The Photoshop Pen
As you’ve probably noticed from listening to the Why Didn’t I Think of That? stories, we try to spotlight unique businesses and products that have become, or are becoming, financially successful. Well, one of the great things about running this blog is that I get to explore some cutting-edge technology that screams “Why Didn’t I Think of That?” but at the same time is a little too cutting edge to have really taken off or found a wide consumer base.
Friends are often sending me links to cool gadgets and concepts. And this one I received last night from Los Angeles jewelery designer Megan Bea was just too cool to pass up.
It’s a gadget being called the Creative Scan-and-Draw Color-Changing Pen, and it’s only in preproduction at the moment. But it knocked my socks off.
Designed by Jin Sun Park, the pen is a way for artists and designers to easily draw from real world inspiration. If you’ve ever used the “eyedropper” tool in Photoshop, you can probably guess where this is going.
First, find a color somewhere in the real world that you’d like to duplicate. Hold the tip of the pen up to it and it will scan the color. A little digital display on the back shows you the color you’ve selected, for verification. And then, the pen automatically mixes red, blue, and green ink to create that color. And then? You draw!
It’s a far cry from those Lisa Frank “multi-color” pens of the olden days. But it’s downright cool. Of course, I’m not sure how many designers even use physical pens anymore. But, as I said earlier, the great thing about this is the ability to draw upon real-world inspiration–instantly.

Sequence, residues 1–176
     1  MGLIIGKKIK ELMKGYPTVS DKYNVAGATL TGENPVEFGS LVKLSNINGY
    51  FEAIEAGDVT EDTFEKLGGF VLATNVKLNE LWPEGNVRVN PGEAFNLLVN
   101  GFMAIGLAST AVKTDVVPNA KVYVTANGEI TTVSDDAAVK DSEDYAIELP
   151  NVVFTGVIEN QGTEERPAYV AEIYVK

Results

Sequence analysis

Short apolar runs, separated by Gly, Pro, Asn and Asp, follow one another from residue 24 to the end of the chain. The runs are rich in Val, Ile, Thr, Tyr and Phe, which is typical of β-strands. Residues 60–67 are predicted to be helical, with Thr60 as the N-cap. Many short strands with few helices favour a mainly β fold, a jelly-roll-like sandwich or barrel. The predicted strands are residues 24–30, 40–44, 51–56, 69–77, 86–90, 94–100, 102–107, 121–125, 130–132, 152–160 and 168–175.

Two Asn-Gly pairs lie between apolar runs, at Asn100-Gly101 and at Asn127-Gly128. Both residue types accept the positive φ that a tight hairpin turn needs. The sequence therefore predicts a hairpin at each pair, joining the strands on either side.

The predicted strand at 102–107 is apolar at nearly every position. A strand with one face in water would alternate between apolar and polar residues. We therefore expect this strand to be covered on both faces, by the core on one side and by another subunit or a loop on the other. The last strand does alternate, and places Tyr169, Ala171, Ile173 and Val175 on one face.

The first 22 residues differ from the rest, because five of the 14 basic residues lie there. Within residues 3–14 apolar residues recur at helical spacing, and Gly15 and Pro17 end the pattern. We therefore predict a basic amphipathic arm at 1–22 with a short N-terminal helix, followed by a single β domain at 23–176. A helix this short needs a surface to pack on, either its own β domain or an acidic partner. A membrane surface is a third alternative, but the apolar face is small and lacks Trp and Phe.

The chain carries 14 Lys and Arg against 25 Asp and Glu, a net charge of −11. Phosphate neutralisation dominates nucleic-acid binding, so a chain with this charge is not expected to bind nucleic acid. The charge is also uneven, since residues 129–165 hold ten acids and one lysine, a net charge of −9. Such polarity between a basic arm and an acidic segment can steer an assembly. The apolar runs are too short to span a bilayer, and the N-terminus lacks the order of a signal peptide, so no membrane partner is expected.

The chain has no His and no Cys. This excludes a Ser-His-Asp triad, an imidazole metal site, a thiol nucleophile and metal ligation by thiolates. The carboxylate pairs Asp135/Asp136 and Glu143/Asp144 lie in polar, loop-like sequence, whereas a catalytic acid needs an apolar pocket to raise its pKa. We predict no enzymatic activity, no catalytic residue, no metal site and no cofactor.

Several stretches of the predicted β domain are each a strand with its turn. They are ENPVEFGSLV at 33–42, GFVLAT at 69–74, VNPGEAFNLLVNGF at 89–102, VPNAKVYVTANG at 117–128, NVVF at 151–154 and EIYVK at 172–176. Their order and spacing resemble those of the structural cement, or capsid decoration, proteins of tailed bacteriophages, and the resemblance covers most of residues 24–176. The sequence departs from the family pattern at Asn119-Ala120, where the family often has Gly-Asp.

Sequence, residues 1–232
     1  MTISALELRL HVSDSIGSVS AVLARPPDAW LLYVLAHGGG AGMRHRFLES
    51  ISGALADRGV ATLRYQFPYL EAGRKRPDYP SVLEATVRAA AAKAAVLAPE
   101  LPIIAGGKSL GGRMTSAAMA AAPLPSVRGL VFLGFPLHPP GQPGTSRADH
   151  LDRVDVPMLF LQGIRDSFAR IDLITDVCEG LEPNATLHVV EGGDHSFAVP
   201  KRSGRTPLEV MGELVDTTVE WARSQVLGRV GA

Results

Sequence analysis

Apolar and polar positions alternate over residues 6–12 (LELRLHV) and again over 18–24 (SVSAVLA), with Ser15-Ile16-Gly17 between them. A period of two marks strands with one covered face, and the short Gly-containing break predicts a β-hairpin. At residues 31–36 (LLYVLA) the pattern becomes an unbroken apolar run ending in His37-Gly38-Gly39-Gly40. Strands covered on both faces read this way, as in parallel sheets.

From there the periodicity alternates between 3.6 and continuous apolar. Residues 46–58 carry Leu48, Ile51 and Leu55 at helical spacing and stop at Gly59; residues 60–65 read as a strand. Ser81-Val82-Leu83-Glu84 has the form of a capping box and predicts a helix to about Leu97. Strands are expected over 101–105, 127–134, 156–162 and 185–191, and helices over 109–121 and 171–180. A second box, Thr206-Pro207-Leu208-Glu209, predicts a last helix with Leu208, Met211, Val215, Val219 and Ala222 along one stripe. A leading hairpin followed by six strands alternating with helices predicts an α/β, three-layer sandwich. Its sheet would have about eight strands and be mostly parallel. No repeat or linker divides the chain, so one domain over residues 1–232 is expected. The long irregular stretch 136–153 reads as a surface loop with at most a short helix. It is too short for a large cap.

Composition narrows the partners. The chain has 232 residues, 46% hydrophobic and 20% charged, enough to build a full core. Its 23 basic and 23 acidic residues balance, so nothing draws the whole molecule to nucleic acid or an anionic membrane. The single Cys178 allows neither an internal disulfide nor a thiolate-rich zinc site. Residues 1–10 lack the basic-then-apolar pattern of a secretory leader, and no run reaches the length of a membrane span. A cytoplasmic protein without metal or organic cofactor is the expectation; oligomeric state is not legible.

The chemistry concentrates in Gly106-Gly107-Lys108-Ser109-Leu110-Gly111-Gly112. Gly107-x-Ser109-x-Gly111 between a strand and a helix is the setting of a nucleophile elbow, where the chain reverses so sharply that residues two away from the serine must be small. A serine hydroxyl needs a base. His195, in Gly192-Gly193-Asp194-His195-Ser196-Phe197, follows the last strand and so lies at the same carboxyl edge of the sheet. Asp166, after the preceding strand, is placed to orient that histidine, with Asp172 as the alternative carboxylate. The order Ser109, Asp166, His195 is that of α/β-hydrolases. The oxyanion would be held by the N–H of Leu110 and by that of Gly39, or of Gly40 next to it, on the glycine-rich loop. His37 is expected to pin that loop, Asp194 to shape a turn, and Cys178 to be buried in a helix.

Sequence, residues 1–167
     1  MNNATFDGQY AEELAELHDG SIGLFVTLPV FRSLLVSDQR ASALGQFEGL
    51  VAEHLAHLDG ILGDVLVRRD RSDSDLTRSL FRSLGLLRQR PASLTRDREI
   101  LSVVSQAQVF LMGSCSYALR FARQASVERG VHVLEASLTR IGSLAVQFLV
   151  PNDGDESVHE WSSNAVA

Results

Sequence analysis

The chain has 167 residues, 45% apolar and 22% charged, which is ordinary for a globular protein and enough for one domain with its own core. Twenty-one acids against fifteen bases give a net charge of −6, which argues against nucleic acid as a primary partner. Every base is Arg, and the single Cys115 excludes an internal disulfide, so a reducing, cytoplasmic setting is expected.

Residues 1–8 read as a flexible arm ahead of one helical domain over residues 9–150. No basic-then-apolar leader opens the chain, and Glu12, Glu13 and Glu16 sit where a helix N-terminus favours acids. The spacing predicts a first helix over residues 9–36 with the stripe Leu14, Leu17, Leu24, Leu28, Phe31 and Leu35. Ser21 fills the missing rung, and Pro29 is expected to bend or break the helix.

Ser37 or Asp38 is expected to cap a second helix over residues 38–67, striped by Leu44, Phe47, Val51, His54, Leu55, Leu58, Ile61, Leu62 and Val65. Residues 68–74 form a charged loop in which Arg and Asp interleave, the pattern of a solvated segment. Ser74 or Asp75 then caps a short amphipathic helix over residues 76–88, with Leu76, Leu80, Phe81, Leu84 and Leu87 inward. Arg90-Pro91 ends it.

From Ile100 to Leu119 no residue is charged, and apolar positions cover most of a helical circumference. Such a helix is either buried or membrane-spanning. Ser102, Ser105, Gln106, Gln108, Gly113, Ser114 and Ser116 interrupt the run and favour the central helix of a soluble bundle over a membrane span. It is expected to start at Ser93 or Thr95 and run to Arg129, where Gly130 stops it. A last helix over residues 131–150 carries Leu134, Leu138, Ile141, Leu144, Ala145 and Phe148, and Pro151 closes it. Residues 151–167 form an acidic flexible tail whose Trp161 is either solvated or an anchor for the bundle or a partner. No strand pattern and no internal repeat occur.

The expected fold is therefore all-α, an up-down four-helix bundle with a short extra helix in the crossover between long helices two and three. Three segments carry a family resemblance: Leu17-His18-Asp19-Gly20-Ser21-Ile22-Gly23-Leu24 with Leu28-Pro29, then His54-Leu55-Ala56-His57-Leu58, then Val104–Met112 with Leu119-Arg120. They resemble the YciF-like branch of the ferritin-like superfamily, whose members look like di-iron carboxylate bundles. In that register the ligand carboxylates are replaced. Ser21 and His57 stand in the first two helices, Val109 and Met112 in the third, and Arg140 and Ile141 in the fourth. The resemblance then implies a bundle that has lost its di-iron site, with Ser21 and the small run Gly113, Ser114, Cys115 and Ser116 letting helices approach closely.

As you can see in the image below, the pen features a color scanner at its tip, a color display on the back, and three color ink cartridges inside, one for each primary color.
How and where the pen actually mixes the ink inside isn’t clear. It’s likely there’s still a patent pending on the invention, so we can’t blame them for keeping the machine’s mechanics under wraps. But however it does what it does, my guess is that it’s small and complicated. But hey, what isn’t these days?
We’re in danger of everything becoming 100% digital. I don’t say danger because it’s a bad thing. But there is still a place in the world for physical books, for pen and ink drawings, for canisters of film, even for the morning newspaper. Rather than fight the unavoidable changes, or abandon our world of physical goods completely, we should embrace the beautiful middle-ground between where we’ve been and where we’re going. Because as exciting as brand new gadgets and software developments are, and as comforting as an old paperback or ballpoint pen are, nothing is quite as thrilling as seeing the old and the new overlap in ways we ourselves never would have thought of.
Yes, I am still talking about a pen. Park’s prototype is like nothing I’ve ever seen before. How much it will end up costing when it sells for retail, I wouldn’t even want to guess. But it’s a shining example of old and new overlapping. More than anything though, it makes me wonder…
A pen that can be any color you want, any color you can see? Why didn’t I think of that?